Peterson was an experienced pilot, Jerry said. “He’d been out to the East Coast. He’d been all over for us flying these airplanes. I mean he flew all the other airplanes we had,” Jerry said. Jerry strongly disagrees with the conclusion of the Civil Aeronautics Board that the most likely cause of the crash was pilot error. “What got me is they said he was not familiar with this airplane, which was a crock. If you drove your car out to California and back and to New York and to Florida a few times you would probably know how the lights worked and a few other things,” Jerry said. Jerry has his own theories about what caused the crash. But he doesn’t want to share them right now. He plans to discuss that in a book he is writing about the accident. The CAB concluded that the secondary cause of the crash was poor weather conditions. That’s another finding that the Dwyers dispute..” It was not snowing at that stage. When the airplane left I could see the wing lights and the taillights,” Jerry said. “The weather service here told Jerry that there should be no problem with the flight,” Barb said.
The weather was expected to deteriorate in Fargo, N.D., where the plane was heading, but the weather in Mason City was no problem, the Dwyers said. The flying time from Mason City to Fargo, was about 90 minutes. The flight for the rock musicians for their next gig in Fargo was booked by someone from the Surf Ballroom. “They said they had some young men that didn’t want to go on the bus and that they wanted to go to Fargo, N.D.,” Barb said. Jerry told Barb that he might be getting a late-night call. He was thinking of having Peterson stay the night in Fargo if the weather worsened. “No phone call. Jerry was up all night calling. He called everywhere. He called everywhere on the route that he would have gone. He talked to every FAA station there was,” Barb said. “You can’t get the phone number of Fargo tower. You can’t get it,” Jerry said. He eventually was able to get the number from some friends.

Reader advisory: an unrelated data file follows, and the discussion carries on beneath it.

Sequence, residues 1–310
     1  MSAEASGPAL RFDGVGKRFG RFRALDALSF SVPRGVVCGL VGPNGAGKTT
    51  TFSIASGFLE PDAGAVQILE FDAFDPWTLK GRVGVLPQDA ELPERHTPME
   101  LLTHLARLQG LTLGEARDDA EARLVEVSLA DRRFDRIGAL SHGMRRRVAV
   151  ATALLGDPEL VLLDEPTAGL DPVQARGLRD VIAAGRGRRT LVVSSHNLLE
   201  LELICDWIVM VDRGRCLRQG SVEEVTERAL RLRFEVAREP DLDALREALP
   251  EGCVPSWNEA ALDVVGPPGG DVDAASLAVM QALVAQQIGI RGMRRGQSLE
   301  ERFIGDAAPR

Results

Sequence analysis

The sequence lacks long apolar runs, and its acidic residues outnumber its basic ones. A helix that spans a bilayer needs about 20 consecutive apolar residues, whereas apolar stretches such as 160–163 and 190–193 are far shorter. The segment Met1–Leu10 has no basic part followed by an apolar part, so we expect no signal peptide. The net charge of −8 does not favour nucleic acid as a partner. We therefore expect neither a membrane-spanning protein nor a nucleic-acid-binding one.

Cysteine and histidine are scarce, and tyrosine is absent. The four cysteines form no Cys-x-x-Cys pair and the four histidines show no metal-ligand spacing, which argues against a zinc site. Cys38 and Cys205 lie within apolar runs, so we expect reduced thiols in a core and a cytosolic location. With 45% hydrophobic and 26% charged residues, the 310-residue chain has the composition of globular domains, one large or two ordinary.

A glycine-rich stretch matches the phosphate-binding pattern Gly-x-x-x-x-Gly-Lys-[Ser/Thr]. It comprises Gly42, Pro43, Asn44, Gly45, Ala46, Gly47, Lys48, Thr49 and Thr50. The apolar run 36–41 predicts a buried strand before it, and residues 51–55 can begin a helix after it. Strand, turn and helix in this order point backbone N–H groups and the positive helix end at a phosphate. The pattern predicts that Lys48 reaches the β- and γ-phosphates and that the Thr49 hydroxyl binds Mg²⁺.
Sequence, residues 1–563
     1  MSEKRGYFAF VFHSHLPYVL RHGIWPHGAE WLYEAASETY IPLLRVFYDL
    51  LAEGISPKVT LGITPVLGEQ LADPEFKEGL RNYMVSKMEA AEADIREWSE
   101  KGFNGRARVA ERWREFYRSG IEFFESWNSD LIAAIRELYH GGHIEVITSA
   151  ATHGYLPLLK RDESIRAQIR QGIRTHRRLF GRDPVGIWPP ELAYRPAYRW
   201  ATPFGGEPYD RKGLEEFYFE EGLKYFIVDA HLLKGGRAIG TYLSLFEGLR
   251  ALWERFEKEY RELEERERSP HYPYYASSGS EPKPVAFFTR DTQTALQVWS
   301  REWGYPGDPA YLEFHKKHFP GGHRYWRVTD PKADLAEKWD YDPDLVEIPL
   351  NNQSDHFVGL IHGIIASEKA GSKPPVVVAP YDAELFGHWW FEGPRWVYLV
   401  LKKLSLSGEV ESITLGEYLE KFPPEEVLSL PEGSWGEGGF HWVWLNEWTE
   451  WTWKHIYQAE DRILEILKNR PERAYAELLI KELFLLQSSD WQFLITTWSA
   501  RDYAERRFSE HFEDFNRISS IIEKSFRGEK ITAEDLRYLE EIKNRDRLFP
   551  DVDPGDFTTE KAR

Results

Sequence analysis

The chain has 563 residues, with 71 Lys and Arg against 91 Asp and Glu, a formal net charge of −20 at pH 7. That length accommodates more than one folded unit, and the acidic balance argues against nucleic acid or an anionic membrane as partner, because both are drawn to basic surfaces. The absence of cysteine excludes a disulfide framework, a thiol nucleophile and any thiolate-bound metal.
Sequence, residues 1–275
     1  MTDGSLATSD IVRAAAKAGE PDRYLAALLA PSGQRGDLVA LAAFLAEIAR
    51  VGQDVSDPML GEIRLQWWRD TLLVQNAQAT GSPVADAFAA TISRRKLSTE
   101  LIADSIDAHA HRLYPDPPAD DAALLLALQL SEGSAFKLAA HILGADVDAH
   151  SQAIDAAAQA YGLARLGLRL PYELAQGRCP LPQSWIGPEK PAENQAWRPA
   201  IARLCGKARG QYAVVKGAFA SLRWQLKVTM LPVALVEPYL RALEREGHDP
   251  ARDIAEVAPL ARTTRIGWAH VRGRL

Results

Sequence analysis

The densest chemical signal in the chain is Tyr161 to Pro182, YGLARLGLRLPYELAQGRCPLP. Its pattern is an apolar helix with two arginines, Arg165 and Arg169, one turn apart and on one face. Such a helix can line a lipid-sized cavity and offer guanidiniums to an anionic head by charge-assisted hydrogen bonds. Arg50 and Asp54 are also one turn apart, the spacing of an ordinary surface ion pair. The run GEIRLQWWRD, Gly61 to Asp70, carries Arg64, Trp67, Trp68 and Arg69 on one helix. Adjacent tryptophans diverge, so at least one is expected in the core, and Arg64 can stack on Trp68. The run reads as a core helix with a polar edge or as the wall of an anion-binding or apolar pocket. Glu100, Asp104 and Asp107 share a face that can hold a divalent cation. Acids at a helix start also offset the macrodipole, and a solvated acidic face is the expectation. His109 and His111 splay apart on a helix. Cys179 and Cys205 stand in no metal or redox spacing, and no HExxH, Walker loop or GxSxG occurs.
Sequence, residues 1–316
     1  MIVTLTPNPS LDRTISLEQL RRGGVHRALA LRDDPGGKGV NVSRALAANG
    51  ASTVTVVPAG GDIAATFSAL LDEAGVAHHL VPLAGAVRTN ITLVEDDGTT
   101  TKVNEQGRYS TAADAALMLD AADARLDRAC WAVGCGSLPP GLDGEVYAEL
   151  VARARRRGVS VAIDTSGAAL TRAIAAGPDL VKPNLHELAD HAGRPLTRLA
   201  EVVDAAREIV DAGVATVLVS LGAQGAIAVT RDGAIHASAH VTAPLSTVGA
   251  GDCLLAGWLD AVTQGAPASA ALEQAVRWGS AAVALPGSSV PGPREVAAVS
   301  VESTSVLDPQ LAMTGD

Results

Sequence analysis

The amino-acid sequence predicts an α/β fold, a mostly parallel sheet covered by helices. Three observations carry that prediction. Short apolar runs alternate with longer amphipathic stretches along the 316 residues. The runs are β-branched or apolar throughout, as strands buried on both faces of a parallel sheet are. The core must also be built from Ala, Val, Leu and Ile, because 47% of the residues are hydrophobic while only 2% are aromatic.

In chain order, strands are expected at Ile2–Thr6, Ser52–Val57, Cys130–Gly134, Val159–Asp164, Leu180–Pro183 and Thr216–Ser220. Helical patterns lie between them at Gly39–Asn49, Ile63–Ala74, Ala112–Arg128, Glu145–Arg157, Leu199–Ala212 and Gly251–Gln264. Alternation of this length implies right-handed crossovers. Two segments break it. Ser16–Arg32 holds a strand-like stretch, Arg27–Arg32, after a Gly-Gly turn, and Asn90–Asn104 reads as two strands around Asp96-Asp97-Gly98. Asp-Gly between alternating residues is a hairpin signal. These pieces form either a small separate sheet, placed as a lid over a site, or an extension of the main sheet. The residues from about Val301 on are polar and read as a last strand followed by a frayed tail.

The plane never got to Fargo. Jerry found the plane wreckage the next morning. “It took me about six minutes to find the airplane,” he said. That’s the only accident the Dwyers have ever been involved in. In the furor of the moment, the Dwyers received death threats. “Every year for a while we just got out of town to our place on Florida. We avoided it,” Barb said. “There were some people that hated my guts,” Jerry said. Peterson has stayed in their hearts. The responsibility of putting him in the plane that night is never far from their minds. Barb said Deanne Peterson eventually remarried and moved to Minnesota. “Anybody that had any children would love to have him for a son,” said Jerry, fighting back tears. " He was a ood looking, smart kid that listened and did a good job,” Jerry said. Mason City Globe Gazette. “
JIM COLLISON thinks the call came in at about 9:30 a.m. But it could have been 10 o’clock, he said. After 50 years, the hands on the clock of memory get a little fuzzy. The late Thor Jensen, the crusty, no-nonsense city editor of the Globe Gazette, got the call. “ There had been a plane crash,” he said. “With fatalities.” Jensen dispatched Collison, the county reporter, and photographer Elwin Musser to the crash scene in Clear Lake.
It was Feb. 3, 1959, a date to be remembered in folklore as “the day the music died.” Singers Buddy Holly, Ritchie Valens and J.P. Richardson, better known as “The Big Bopper,” had performed at the Winter Dance Party at the Surf Ballroom the night before. After the concert, they boarded a private plane at Mason City Municipal Airport to take them to their next gig in Fargo, N.D. The plane crashed shortly after takeoff, killing everyone aboard, including the pilot, Roger Peterson.